Sheharyar Naseer

Using ETS for Caching in Elixir


The beautiful thing about Elixir (and the Erlang VM in general) is that most of the stuff that requires you to rely on external dependencies and other applications in other languages, can be implemented within your own application in Elixir quite gracefully.

Caching is no different here. Ruby or Java might require you to have something like Redis or Memcache set up, but in Elixir, you can just roll your own quickly using the Erlang Term Storage (ETS).

ETS under a minute

To start using ETS, you first need to create a table:

options = [
  :set,           # Unique by Key
  :public,        # Any process can read or write
  :named_table,   # Identify the table with a custom name/atom
]

:ets.new(:my_little_cache, options)

The above does that with some recommended options. :set is the type of the ets table we’re creating, meaning the entries in the table will be unique by key. :public allows all processes in your elixir app to read and write to the table, and not just the one creating it. :named_table lets us reference the newly created table by the custom :my_little_cache atom for all future calls:

To write to the cache:

:ets.insert(:my_little_cache, {"some-key", "some-value"})
# => true

To read the data back:

:ets.lookup(:my_little_cache, "some-key")
# => [{"some-key", "some-value"}]

Using a wrapper module around ETS

To provide a consistent, simple API to interact with our cache, we can wrap the above in a custom module:

defmodule MyApp.Cache do
  @table :my_little_cache

  @doc """
  Create a new ETS Cache if it doesn't already exists
  """
  def start do
    :ets.new(@table, [:set, :public, :named_table])
    :ok
  rescue
    ArgumentError -> {:error, :already_started}
  end


  @doc """
  Retreive a value back from cache
  """
  def get(key) do
    case :ets.lookup(@table, key) do
      [{^key, value}] -> value
      _else           -> nil
    end
  end


  @doc """
  Put a value into the cache
  """
  def put(key, value) do
    true = :ets.insert(@table, {key, value})
    :ok
  end

end

For the majority of cases this gets the job done quite well. You call Cache.put(key, val) for what you want to cache and Cache.get(key) when you want it back. But another common scenario for me is to cache the result of an existing piece of code, and not run it for subsequent calls, e.g. the response of a common web request. For that, I use this helper that makes it simpler by only caching the result if it succeeds:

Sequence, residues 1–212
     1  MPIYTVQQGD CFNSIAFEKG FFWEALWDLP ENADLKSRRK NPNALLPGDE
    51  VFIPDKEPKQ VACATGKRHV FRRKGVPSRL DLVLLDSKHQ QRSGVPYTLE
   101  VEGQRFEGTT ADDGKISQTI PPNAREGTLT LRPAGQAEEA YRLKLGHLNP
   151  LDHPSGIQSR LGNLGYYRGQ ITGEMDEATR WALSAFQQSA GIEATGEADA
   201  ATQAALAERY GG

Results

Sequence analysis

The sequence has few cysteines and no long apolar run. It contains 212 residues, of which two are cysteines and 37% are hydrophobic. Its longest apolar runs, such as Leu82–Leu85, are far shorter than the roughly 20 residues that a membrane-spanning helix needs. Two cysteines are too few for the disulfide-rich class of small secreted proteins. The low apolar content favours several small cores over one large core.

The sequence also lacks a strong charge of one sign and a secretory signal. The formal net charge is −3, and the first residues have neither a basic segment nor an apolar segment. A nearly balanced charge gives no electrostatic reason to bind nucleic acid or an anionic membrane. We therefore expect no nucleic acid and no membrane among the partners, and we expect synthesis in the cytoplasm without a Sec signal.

@doc """
Runs a piece of code if not already cached
"""
def resolve(key, resolver) when is_function(resolver, 0) do
  case get(key) do
    nil ->
      with {:ok, result} <- resolver.() do
        put(key, result)
        {:ok, result}
      end

    term ->
      {:ok, term}
  end
end

You can call it like this:

with {:ok, plans} <- Cache.resolve(:billing_plans, fn -> BillingAPI.all_plans(key) end) do
  # Do something with plans
end

The first successful call will cache the result and all subsequent calls will retreive it back from the cache instead of making the request every time.

Invalidating Cache

Cached data, depending on the system and the type of data, can go stale. So it makes sense to not rely on it after a certain time period has passed and refetch it. To do that, we can store the timestamps of insertion along with the value in ETS as well:

defmodule MyApp.Cache do
  @table :my_little_cache
  @default_ttl 5 * 60 # 5 minutes

  @doc """
  Create a new ETS Cache if it doesn't already exists
  """
  def start do
    :ets.new(@table, [:set, :public, :named_table])
    :ok
  rescue
    ArgumentError -> {:error, :already_started}
  end


  @doc """
  Retreive a value back from cache
  """
  def get(key, ttl \\ @default_ttl) do
    case :ets.lookup(@table, key) do
      [{^key, value, ts}] ->
        if (timestamp() - ts) <= ttl do
          value
        end

      _else ->
        nil
    end
  end


  @doc """
  Put a value into the cache
  """
  def put(key, value) do
    true = :ets.insert(@table, {key, value, timestamp()})
    :ok
  end


  @doc """
  Delete an entry from the cache
  """
  def delete(key) do
    true = :ets.delete(@table, key)
    :ok
  end


  @doc """
  Runs a piece of code if not already cached
  """
  def resolve(key, ttl \\ @default_ttl, resolver) when is_function(resolver, 0) do
    case get(key, ttl) do
      nil ->
        with {:ok, result} <- resolver.() do
          put(key, result)
          {:ok, result}
        end

      term ->
        {:ok, term}
    end
  end


  # Return current timestamp
  defp timestamp, do: DateTime.to_unix(DateTime.now_utc())
end

You can now pass an optional ttl value (in seconds) after which to ignore the cached result:

# Keep cached for 10 minutes
{:ok, top_users} =
  Cache.resolve(:top_users, 10 * 60, fn ->
    SomeDataService.get_top_users(...)
  end

Concluding Notes

ETS is great if you want to quickly add caching capability in your Elixir app without relying on any external tools or services. While this can take you pretty far, you will begin to encounter issues once you start scaling your app past one node.

Getting ETS to work in a distributed environment where all nodes share the same data is a non-trivial amount of work, and introduces new levels of complexities when building your caching system.

If your use-case is still pretty simple, you can get away by using Mnesia instead of ETS, but for reliable multi-level caching I would suggest going with something like Nebulex that handles all the implementation details for you.